Getting Over Your Post-Christmas Blues

Do you hate January? You certainly aren’t alone. Many of us struggle at this time of year. There’s the empty feeling that comes when the holidays end. We spend months planning and preparing for Christmas. We have a few weeks when there’s so much going on even before the holiday itself. Then, there’s excitement, colour, fun and plenty of food. Everyone is happy, and the world seems to be a better place. But oh so suddenly it’s all over. Months preparing and then it’s all done, just like that. We’re expected to get back to normal, tackle school runs and go back to work as though nothing has happened. 

On top of that, there’s a weird pressure to give things up or make changes. Do you do dry January? Or veganuary? Or, do you make considerable resolutions to quit bad habits or make significant changes to your life? Do you feel like you need a new you for the new year? It can all be quite daunting. Post-Christmas blues are something that many of us struggle with, and the awful weather never helps. 

While there’s not much to be done about the weather, there is a lot that we can do to get over those post-Christmas blues. You might even find yourself able to enjoy January. 


Get Rid of Christmas

Christmas is great, and we often try to enjoy it as much as we possibly can. But it can be hard to go back to normal when you’re still clinging on. You might be keen to start eating more healthily or cutting back on alcohol, but it’s hard when there’s so much temptation. So, give yourself a cut off if you haven’t already. Enjoy Christmas treats, but then stop when your cut off date arrives. Make sure all of your decorations are away, and either use up leftover treats, give them away or hide them. Consider it a clean slate.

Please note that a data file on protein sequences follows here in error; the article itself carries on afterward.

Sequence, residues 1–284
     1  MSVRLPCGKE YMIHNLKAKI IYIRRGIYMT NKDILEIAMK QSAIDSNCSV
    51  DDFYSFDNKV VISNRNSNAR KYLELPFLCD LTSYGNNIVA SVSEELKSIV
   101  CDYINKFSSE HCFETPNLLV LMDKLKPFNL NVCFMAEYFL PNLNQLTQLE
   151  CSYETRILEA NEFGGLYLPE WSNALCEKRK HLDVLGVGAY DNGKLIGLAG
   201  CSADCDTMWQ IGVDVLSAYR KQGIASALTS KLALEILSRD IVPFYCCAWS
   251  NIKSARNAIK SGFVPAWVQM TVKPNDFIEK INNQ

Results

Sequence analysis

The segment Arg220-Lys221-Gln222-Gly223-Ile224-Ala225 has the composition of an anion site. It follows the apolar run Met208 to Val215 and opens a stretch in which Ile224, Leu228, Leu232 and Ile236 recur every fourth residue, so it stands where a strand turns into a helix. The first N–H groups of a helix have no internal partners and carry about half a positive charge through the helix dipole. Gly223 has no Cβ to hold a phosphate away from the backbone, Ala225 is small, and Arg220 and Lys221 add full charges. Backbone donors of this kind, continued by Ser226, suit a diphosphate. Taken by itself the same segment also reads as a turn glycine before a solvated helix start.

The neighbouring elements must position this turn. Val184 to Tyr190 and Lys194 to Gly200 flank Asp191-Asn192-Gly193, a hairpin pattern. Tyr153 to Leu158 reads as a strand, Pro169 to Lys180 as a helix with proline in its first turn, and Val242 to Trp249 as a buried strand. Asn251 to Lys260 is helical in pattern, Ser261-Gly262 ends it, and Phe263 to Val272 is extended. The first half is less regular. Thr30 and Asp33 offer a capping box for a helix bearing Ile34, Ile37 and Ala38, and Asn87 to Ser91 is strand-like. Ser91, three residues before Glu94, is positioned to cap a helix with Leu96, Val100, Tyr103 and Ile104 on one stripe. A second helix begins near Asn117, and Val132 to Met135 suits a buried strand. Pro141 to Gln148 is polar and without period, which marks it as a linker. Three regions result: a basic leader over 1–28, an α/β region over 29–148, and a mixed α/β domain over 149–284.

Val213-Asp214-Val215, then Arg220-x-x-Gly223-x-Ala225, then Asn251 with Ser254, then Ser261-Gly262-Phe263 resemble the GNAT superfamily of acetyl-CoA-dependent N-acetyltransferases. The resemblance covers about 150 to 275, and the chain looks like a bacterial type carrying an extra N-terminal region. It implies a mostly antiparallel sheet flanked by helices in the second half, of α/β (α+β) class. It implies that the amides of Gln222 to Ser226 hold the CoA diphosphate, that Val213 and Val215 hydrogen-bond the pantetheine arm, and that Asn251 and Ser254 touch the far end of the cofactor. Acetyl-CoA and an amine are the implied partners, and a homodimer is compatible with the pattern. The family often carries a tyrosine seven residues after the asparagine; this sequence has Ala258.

Forget About New You

You probably don’t need a new you. You are probably a pretty good version already. Don’t think about becoming a new person, instead focus on improvement. Keep the things that you love about yourself, highlight them and enjoy them, and make small changes to other areas if you feel the need to. But, dispel any thoughts you might have of a new you. It’s too much pressure, and there’s no need. 


Make Some Plans for the Year Ahead

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Having plans and even booking things in is always a good idea. Arrangements and bookings give us something to look forward to. They keep us going when times get tough, and they provide us with something to strive towards. Plans, perhaps events, days out or holidays help us to stay motivated, and they break up the year. 

If you can’t afford to book holidays or other tickets right now, make plans instead. Speak to friends and put some plans in your diary, even if it’s just for a takeaway and DVD at home, or a lunchtime coffee. Write things down and make bookings when you can. 


Confront Any Money Worries

A common worry at this time of year is money. Many of us are struggling after Christmas, and it can be hard to make ends meet at this time of the year. This is often compounded by our reluctance to share our worries. We often bottle things up, hoping if we ignore our money worries, they will go away, but they rarely do. Talk to a friend or someone else that could help, explore options like Buddy Loans, and take control of your finances.